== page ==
AC circuits

Rather than having constant voltages and currents as in DC (direct current) circuits, AC (alternating current) circuits involve sinusoidally varying voltages and currents. It may seem strange at first to be using sinusoidal quantities until one realizes that devices rotating in some stationary environment generate most electrical power in the world. In a natural way this results in the voltages and currents being sinusoidal.

The complicating factor in AC circuits is that inductors and capacitors introduce phase shifts between the voltages across the components and the currents flowing through them. Thus if one looks solely at the magnitudes of the voltages across the components in a circuit containing inductors and capacitors, the algebraic sum of the voltages around the circuit will not in general be zero, an apparent violation of Kirchhoff’s Voltage or Loop Rule. This is equivalent to saying that the voltage from the power supply in the circuit is unequal to the sum of the voltages across the components making up the circuit. In this experiment you will explore the relationships between voltages and currents for inductors, capacitors, and resistors. This will include phase relationships and frequency dependencies. For this study a simple circuit consisting of a resistor, capacitor, and inductor connected in series and driven by a sinusoidal voltage source is used.

Theory (A Brief Review)

Capacitors are essentially two conducting sheets or plates separated by some insulating material that may include air or a vacuum. When a voltage is applied between the two plates of

the capacitor, charge is transferred from one plate to the other. Thus a current flows through the voltage source and the connecting wires. As the voltage increases and more charge collects on the plates, adding more charges becomes harder and harder remembering the fact that like charges repel one another. Because of this the current flowing into the capacitor is greatest when the plates initially begin charging. Then the current goes to zero when the charge build-up reaches a maximum. If a sinusoidally varying voltage source, one that oscillates positively and negatively in time with the shape of a sine wave, is connected across the capacitor, it can be shown that the voltage across the capacitor “lags” the current by 90o in phase, meaning that the voltage peaks occur ¼ of an oscillation period later in time relative to the current peaks. This is designated as a –90o phase shift for the voltage with the current taken as the zero reference phase.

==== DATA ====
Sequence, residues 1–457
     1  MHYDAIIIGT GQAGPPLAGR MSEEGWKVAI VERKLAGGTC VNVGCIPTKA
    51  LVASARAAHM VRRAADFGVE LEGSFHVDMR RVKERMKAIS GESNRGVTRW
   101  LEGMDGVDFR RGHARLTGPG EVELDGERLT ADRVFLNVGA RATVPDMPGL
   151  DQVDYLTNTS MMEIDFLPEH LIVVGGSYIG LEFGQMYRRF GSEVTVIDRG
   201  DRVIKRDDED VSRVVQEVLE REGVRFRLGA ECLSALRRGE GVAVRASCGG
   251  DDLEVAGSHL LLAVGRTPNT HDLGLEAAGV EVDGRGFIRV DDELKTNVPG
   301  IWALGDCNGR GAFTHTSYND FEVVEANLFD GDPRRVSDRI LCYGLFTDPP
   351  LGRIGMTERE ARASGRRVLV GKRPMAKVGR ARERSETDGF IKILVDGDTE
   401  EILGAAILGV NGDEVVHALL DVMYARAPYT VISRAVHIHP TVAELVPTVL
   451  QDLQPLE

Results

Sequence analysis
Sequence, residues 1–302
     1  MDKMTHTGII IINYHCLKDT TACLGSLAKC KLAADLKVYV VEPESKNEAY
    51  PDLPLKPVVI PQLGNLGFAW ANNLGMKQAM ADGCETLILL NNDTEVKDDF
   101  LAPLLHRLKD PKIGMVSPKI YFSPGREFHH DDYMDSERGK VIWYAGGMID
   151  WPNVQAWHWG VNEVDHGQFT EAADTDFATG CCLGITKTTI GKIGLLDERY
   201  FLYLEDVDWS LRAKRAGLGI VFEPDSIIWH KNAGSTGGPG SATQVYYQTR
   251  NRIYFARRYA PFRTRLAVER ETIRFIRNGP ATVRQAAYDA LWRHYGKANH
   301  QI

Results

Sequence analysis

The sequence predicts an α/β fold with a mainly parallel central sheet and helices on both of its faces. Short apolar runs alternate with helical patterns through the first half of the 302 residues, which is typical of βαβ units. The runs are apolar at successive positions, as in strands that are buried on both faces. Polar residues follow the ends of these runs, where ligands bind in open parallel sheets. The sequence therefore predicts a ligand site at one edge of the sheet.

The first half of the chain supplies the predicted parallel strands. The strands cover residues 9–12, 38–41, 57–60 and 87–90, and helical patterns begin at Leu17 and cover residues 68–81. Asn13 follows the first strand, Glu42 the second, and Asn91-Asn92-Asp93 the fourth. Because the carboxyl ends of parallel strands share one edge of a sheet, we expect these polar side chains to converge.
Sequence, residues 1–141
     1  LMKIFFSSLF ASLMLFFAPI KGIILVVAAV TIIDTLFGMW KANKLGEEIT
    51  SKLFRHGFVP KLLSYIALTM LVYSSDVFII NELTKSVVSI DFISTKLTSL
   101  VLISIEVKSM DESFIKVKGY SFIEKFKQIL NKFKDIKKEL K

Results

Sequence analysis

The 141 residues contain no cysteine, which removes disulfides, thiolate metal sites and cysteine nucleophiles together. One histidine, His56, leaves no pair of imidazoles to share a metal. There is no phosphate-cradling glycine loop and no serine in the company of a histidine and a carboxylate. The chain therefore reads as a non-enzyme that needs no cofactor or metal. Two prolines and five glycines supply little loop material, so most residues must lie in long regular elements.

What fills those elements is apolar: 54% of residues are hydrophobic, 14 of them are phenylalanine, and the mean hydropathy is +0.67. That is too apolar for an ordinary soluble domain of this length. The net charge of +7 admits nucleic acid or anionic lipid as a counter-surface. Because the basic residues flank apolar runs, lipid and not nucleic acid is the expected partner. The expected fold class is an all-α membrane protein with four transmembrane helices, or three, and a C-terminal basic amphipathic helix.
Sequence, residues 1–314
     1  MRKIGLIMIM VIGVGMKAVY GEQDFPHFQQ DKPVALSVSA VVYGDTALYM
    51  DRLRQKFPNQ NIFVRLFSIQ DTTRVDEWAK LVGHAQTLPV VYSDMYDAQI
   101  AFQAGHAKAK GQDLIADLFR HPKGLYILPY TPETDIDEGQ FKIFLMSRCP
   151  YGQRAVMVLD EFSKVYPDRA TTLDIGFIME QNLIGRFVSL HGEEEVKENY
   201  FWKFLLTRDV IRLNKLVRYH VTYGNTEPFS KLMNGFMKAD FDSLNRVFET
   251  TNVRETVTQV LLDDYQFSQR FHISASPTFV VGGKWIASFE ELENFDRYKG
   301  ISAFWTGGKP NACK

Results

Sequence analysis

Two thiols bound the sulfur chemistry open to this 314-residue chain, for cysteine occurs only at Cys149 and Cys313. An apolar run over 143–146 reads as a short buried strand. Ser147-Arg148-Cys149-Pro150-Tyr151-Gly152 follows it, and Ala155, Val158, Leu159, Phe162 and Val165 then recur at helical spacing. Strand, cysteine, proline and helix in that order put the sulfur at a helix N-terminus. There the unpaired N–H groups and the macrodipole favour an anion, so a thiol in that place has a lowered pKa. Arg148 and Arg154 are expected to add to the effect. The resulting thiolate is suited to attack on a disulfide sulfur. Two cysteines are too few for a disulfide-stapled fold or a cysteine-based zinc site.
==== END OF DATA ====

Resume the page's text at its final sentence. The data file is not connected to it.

An inductor is usually in the form of multiple loops of wire called a coil. When a time-varying electrical current passes through the loops, the resulting time-varying magnetic field induces a voltage in the coil, and according to Lenz’s law (and energy conservation) this induced voltage opposes the source voltage, making the current small. When sinusoidally driven, the voltage can be shown to “lead” the current by 90o in phase, meaning that the voltage peaks occur ¼ of an oscillation period earlier in time relative to the current peaks. This is designated as a +90o phase shift.

For ideal inductors and capacitors like those just described that are connected in series with a resistor, the individual voltages across the three components can be added using the rules of vector addition assuming that the voltage across the resistor is in phase with the current and thus can be represented as lying along the +x-axis, the voltage across the inductor as along the +y-axis (+900), and the voltage across the capacitor as along the –y-axis (-900). For non-ideal components the actual phase differences between the voltages and the current can be measured. Then using the actual measured voltage phase angles for the inductor and capacitor, the voltage “vectors” can be drawn on a diagram similar to that just described and added using the normal rules of vector addition with components, etc.

Root mean square (abbreviated as rms) values of voltages and currents are also useful. In DC circuits the product of the current and voltage gives the power. In an AC circuit with the current and voltage in phase it is convenient to use the same formula to calculate the power averaged over time, namely current times voltage, but what current and voltage should be used since they are varying positively and negatively with time? If we use the product of the zero to peak voltage and zero to peak current, the answer is twice as large as the actual average power. Thus we take the rms voltage, which is the peak voltage divided by the √2, and the rms current, which is the peak current divided by the √2. By using the rms voltage and current we can keep the same formulation for power in both AC and DC circuits. Note that most AC voltmeters and ammeters read out values in rms. The voltage at a wall plug in the United States is 120 V rms, whereas the actual peak voltage is 170 V.


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